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Former Treasury Secretary Geithner to head up private equity firm Warburg Pincus

Former Treasury Secretary Timothy Geithner announced his plans to join the Wall Street private equity firm Warburg Pincus in March 2014 where he will serve as president and managing director.

Geithner is the proto-typical insider with establishment ties that follow almost exactly

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Detroit: the First Domino to Fall

This article was first published at The McAlvany Intelligence Advisor on Monday, July 22nd, 2013:

 

The city of Detroit is living proof that Herb Stein is right: if something cannot go on forever, it will stop. For Detroit, it stopped last week when

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Cheap Abundant Natural Gas is a Game Changer, Says the IMF

Expressing surprise at the enormous increase in US production of oil and natural gas by unconventional means, Thomas Helbling, a division chief in the IMF’s (International Monetary Fund) Research Department, was forced to admit that it was free enterprise that was responsible for it after all. In his March 2013 article he wrote:

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Presidential Debate Questions from Michelle Malkin

God bless Michelle Malkin. I toyed with a few hard-ball questions for the Presidential Debate in a previous post. The temptation to do the same by Malkin was just too much. I don’t think the media, or Jim Lehrer (the moderator), will be calling either of us very soon.

American writer and blogger Michelle Malkin.

American writer and blogger Michelle Malkin. (Photo credit: Wikipedia)

Here’s Malkin:

We know the liberal media bias drill: Make the Republican candidate look like a scary extremist on social issues and a greedy capitalist pig on economic issues. Avoid the Democratic incumbent’s record of failure. Run out the clock. Thank you and good night.

Malkin wants them to talk about Fast and Furious, in light of Tuesday’s murder of another border patrol agent at the same spot where Brian Terry was shot two years ago. She gets a running start by reviewing the Fast and Furious scandal, and then quotes Homeland Security’s Inspector General which found that “violence has significantly increased against Border Patrol agents. Since 2007, assaults on agents have risen more than 35 percent, including 13 deaths.”

Here are her questions (edited slightly):

Why has the Terry family been forced to file a federal lawsuit to obtain justice?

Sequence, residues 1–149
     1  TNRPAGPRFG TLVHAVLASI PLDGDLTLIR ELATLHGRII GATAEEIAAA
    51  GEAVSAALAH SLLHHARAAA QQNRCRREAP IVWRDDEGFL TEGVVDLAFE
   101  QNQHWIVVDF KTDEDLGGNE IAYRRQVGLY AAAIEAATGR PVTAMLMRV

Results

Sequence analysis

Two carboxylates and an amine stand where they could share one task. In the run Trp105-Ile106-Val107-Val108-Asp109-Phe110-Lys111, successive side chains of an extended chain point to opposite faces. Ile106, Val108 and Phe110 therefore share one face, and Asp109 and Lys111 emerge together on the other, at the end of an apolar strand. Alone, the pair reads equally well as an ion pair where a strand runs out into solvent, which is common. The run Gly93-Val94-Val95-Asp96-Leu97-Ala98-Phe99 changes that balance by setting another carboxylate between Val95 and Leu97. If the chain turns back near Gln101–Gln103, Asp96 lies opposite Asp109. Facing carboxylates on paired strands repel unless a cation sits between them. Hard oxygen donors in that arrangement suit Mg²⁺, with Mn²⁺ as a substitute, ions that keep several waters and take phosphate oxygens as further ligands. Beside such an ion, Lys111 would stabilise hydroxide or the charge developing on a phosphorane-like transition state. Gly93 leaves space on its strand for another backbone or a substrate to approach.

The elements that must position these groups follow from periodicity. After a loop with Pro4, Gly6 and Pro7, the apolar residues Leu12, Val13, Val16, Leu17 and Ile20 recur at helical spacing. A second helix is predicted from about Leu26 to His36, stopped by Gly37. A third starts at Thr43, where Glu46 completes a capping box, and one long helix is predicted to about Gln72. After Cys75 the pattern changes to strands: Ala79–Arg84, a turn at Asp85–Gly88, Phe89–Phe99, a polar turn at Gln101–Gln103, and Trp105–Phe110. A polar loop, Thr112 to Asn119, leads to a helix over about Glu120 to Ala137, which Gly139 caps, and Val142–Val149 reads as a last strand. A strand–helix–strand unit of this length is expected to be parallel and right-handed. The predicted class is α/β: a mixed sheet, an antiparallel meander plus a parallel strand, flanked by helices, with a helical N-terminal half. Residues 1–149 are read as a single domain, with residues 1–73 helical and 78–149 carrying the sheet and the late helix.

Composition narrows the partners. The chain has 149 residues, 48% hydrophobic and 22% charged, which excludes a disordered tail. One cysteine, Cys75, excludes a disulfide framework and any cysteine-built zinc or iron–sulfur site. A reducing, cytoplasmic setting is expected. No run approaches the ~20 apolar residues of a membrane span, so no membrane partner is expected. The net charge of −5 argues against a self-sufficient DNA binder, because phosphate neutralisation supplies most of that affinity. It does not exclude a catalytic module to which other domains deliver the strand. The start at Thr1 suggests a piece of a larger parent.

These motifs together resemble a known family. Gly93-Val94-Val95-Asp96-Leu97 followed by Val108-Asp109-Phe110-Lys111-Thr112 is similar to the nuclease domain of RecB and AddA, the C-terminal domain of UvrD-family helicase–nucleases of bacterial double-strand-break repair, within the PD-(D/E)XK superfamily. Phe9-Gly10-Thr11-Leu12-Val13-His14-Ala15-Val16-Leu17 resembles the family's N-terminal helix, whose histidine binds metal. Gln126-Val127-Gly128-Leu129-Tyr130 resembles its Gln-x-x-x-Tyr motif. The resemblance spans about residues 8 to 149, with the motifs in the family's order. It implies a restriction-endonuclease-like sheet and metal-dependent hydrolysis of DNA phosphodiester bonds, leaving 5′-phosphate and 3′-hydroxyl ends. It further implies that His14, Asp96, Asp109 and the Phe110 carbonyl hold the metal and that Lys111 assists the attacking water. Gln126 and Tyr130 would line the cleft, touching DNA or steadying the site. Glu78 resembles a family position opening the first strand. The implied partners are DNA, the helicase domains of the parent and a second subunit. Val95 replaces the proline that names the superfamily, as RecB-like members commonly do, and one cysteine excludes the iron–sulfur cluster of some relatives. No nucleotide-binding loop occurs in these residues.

Why does Attorney General Eric Holder still have a job?

What exactly are you doing (or will you do) to ensure that Border Patrol agents are adequately armed and supported in their mission to defend American sovereignty?

Then Malkin takes on “transparency”:

[Mr. Obama, as President] you famously declared, “A democracy requires accountability, and accountability requires transparency.” Yet, the very first act of your administration was to violate your transparency pledge to allow full, public viewing of all legislation five days before you signed it…

You failed to televise health care negotiations as promised. You cut endless backroom deals protected from public scrutiny. In addition, your administration has routinely evaded disclosure law by meeting with lobbyists off the books at D.C.-area coffee houses and private townhouses, where Secret Service background checks and login routines are abandoned…

How, exactly, can you claim to have run the most transparent administration ever based on your actual record?

Next up: the auto bailout:

[Mr. Obama] your campaign touts the “success” of the government takeover of the auto industry as one of your proudest accomplishments. In 2010, you bragged that “American taxpayers are now positioned to recover more than my administration invested in GM, and that’s a good thing.”

Yet, your Treasury Department won’t take up GM’s recent offer to repurchase 200 million of the roughly 500 million shares the U.S. holds — because it would incur a $15 billion loss to taxpayers right before the election. GM still owes nearly $30 billion of the $50 billion it received, and its lending arm still owes nearly $15 billion of the more than $17 billion it received. Foreign workers and overseas plants have soaked up billions of American bailout tax dollars. But some 20,000 Delphi non-union workers saw their pensions eroded and health benefits disappear as part of the deal you cut with United Auto Workers.

How are Delphi workers, bondholders, car dealers and taxpayers better off now than they were before the Government Motors bailout given the actual record? If this is your proudest accomplishment, why on earth would reality-based voters want you back in the driver’s seat?